Description: An airborne cloud aeroscope by which droplet size, size distribution, and liquid-water content of clouds can be determined has been developed and tested in flight and in wind tunnels with water sprays. In this aeroscope the cloud droplets are continuously captured in a stream of oil, which Is then photographed by a photomicrographic camera. The droplet size and size distribution can be determined directly from the photographs. With the droplet size distribution known, the liquid-water content of the cloud can be computed from the geometry of the aeroscope, the airspeed, and the oil-flow rate. The aeroscope has the following features: Data are obtained semi-automatically, and permanent data are taken in the form of photographs. A single picture usually contains a sufficient number of droplets to establish the droplet size distribution. Cloud droplets are continuously captured in the stream of oil, but pictures are taken at Intervals. The aeroscope can be operated in icing and non-icing conditions. Because of mixing of oil in the instrument, the droplet-distribution patterns and liquid-water content values from a single picture are exponentially weighted average values over a path length of about 3/4 mile at 150 miles per hour. The liquid-water contents, volume-median diameters, and distribution patterns obtained on test flights and in the Lewis icing tunnel are similar to previously published data.
Date: January 1, 1956
Creator: Hacker, Paul T.
Partner: UNT Libraries Government Documents Department

An Electric Thrust Meter Suitable for Flight Investigation of Propellers

Description: A lightweight instrument that utilizes resistance-wire electric strain gases to measure propeller-shaft thrust has been developed. A wind-tunnel investigation on a propeller installed, on a single-engine pursuit airplane showed that the instrument gave a reliable indication of propeller-shaft thrust to an accuracy of +/-2 percent within its calibrated range. No attempt was made to determine the relation of indicated shaft thrust to net propeller thrust.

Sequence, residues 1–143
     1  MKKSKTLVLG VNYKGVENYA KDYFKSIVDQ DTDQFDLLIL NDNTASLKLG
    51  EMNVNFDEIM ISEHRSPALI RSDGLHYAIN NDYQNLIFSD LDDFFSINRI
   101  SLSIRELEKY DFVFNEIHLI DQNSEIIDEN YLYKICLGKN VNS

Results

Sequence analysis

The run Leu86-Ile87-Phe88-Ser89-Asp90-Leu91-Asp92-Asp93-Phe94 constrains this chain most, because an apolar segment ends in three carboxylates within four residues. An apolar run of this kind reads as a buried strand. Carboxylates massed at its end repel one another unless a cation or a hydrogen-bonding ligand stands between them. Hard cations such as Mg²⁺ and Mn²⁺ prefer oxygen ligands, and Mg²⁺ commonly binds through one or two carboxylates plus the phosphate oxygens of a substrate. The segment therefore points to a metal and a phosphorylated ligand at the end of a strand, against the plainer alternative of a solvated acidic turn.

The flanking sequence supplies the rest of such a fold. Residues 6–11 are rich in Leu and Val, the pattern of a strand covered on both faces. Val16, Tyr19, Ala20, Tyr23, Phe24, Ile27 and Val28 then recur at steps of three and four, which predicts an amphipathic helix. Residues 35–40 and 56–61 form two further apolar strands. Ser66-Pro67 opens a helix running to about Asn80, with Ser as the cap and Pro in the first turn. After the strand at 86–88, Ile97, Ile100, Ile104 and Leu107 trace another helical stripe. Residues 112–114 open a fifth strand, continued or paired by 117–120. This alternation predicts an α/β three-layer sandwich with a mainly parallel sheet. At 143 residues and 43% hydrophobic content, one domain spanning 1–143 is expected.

Date: May 9, 1949
Creator: Perkins, Porter J., Jr. & Millenson, Morton B.
Partner: UNT Libraries Government Documents Department

Calibration Tests of a Japanese Log Rodmeter

Description: A Japanese log rodmeter of the rotating-vane impeller type, with a commutator on the impeller shaft, was calibrated in Langley tank no. 1. The rotational speed of two impellers was determined for forward speeds up to 24 knots at angles of yaw up to ?10 0 . In general, the rotational speeds of two apparently identical impellers tested in the rodmeter decreased with increasing yaw angle, right yaw causing a greater decrease than left yaw. The difference in calibration between the two impellers was approximately the same as that produced by a change in yaw angle from 50 left to 50 right. Evidence of cavitation within the impeller fairing appeared at speeds above 24 knots.
Date: March 14, 1949
Creator: Mottard, Elmo J.
Partner: UNT Libraries Government Documents Department

Calibration of Instruments for Measuring Wind Velocity and Direction

Description: Signal Corps wind equipment AN/GMQ-1 consisting of a 3-cup anemometer and wind vane was calibrated for wind velocities from 1 to 200 miles per hour. Cup-shaft failure prevented calibration at higher wind velocities. The action of the wind vane was checked and found to have very poor directional accuracy below a velocity of 8 miles per hour. After shaft failure was reported to the Signal Corps, the cup rotors were redesigned by strengthening the shafts for better operation at high velocities. The anemometer with the redesigned cup rotors was recalibrated, but cup-shaft failure occurred again at a wind velocity of approximately 220 miles per hour. In the course of this calibration two standard generators were checked for signal output variation, and a wind-speed meter was calibrated for use with each of the redesigned cup rotors. The variation of pressure coefficient with air-flow direction at four orifices on a disk-shaped pitot head was obtained for wind velocities of 37.79 53.6, and 98.9 miles per hour. A pitot-static tube mounted in the nose of a vane was calibrated up to a dynamic pressure of 155 pounds per square foot, or approximately 256 miles per hour,.